3 Min Read
* Recurring pft 174.5 bln yen vs 145.9 bln yen consensus
* Aims for higher FY17/18 pft on steady steel demand, cost cuts
* Raises annual dividend by 20 yen to 45 yen/share (Adds executive comments and details)
By Yuka Obayashi
TOKYO, April 28 (Reuters) - Nippon Steel & Sumitomo Metal Corp, Japan's biggest steelmaker, said its recurring profit for the year ended March slid 13 percent, hit by higher coking coal costs, and held off from issuing earnings predictions for the current year citing volatility on coal and steel pricing.
The world's third-largest steelmaker said in a statement on Friday that recurring profit - pre-tax earnings before one-off items - declined to 174.5 billion yen ($1.6 billion) from 200.9 billion yen the previous fiscal year. That beat both its own estimate of 130 billion yen and a consensus of 145.9 billion yen from 14 analysts surveyed by Thomson Reuters I/B/E/S.
"We can't make reasonable forecast now since it is unclear where prices of coking coal and steel prices are headed," Nippon Steel's executive vice president Toshiharu Sakae said at a news conference.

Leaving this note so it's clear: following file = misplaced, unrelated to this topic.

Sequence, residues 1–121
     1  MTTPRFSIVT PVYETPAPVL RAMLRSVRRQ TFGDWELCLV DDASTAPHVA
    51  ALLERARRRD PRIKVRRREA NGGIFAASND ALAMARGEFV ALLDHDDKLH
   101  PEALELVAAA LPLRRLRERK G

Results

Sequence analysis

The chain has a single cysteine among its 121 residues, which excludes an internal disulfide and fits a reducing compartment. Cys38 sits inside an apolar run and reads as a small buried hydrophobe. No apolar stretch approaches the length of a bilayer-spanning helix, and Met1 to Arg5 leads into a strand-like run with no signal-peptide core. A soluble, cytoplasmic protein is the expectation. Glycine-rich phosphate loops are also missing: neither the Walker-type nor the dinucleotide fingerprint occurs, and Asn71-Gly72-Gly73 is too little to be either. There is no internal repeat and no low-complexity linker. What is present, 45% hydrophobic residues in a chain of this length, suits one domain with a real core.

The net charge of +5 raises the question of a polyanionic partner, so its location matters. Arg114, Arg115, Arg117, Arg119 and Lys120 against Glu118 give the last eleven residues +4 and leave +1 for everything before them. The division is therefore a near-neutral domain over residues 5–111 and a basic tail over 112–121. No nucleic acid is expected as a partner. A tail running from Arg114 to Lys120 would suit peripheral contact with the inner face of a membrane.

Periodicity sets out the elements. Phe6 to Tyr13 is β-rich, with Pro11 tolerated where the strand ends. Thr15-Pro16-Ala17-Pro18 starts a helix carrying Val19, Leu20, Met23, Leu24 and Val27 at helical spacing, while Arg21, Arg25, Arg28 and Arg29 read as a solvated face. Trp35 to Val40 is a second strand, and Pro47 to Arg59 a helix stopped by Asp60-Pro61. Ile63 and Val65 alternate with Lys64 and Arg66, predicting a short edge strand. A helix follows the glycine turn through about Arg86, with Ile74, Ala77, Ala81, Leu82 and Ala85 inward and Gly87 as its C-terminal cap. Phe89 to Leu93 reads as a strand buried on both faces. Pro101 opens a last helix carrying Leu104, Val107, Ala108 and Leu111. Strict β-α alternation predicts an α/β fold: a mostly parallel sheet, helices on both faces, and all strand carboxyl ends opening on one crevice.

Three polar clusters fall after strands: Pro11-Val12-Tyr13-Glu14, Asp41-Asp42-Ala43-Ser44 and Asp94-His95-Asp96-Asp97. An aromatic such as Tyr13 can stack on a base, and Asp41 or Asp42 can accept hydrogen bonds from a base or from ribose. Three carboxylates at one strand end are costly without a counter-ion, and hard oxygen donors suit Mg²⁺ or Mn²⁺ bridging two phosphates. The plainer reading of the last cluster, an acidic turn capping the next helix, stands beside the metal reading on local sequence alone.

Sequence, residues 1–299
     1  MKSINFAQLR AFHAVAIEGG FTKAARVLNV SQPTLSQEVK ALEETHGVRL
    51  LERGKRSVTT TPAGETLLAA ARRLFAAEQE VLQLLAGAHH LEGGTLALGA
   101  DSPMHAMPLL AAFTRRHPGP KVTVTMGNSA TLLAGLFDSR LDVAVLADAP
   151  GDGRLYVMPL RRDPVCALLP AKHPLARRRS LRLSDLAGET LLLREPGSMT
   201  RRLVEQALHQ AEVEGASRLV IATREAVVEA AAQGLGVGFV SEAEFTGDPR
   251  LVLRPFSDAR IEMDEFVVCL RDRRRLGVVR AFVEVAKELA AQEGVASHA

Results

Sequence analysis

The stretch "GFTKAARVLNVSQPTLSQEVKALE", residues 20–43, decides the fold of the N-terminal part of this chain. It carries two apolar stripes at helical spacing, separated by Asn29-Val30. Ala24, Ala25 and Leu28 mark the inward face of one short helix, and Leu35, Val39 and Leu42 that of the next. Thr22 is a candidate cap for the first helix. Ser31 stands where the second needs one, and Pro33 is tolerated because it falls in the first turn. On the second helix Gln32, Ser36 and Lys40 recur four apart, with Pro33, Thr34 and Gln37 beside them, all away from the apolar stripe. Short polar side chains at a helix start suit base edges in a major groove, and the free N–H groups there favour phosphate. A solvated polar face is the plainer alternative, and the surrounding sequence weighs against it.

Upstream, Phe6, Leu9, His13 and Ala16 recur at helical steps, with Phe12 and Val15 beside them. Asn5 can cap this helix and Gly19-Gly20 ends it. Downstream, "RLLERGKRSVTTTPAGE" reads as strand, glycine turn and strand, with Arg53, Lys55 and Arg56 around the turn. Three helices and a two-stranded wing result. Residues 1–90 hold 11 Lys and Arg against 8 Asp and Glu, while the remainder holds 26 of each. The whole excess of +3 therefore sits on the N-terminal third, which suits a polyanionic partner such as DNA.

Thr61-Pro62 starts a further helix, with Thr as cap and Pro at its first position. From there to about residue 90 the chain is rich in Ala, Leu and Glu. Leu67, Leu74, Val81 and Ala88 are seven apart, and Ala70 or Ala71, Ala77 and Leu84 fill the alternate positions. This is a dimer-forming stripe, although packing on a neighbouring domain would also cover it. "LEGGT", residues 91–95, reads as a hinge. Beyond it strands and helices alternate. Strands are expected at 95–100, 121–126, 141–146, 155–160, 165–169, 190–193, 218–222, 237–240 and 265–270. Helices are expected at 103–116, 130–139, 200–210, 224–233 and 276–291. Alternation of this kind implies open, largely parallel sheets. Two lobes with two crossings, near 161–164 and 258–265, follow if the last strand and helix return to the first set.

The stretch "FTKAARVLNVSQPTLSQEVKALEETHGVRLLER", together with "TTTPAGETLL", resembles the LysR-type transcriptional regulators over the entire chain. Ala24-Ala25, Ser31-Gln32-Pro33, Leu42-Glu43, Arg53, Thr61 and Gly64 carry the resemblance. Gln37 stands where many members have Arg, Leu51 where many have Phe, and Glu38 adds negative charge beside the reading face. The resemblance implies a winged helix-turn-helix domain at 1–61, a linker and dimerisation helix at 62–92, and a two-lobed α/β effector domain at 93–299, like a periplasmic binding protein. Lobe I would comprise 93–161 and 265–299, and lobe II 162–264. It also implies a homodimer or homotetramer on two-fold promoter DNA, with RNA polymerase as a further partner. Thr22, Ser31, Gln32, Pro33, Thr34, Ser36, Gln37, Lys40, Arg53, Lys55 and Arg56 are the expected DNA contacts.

"But we'll make various efforts to boost our profit this year," Sakae said. Steady steel demand at home and abroad, plans to cut costs by over 50 billion yen, and scheduled price hikes on some products of about 5,000 yen per tonne would help offset heavier raw materials costs, he said.
A mean forecast of 15 analysts for Nippon Steel's recurring profit for this year comes to 308 billion yen, according to Thomson Reuters I/B/E/S.
Higher-than-planned steel shipments and stronger earnings in its overseas units contributed to results beating the company's own estimates, Sakae said. Reflecting that, Nippon Steel raised its annual dividend for the last year by 20 yen to 45 yen per share.
While Sakae didn't give a detailed outlook on coking coal prices, he said raw material prices will likely become less volatile.
The price of coking coal - a vital steelmaking ingredient - has been volatile, nearly quadrupling between March and late November 2016, but then halving between that time and the end of March 2017.
Last month brought a new twist, when Cyclone Debbie hit Australia, cutting rail lines in the world's biggest coking coal export region and sending prices higher again. While rail links have been restored, Japanese steelmakers have had to scramble for alternative supplies.
On Thursday, JFE Holdings Inc, Japan's No.2 steelmaker, reported recurring profit jumped nearly by a third in the 12 months that ended March, boosted by hefty appraisal gains on inventories of coking coal.
JFE also increased its annual dividend estimate for the last year by 10 yen to 30 yen per share.
$1 = 111.3400 yen Reporting by Yuka Obayashi Additional reporting by Aaron Sheldrick; Editing by Kenneth Maxwell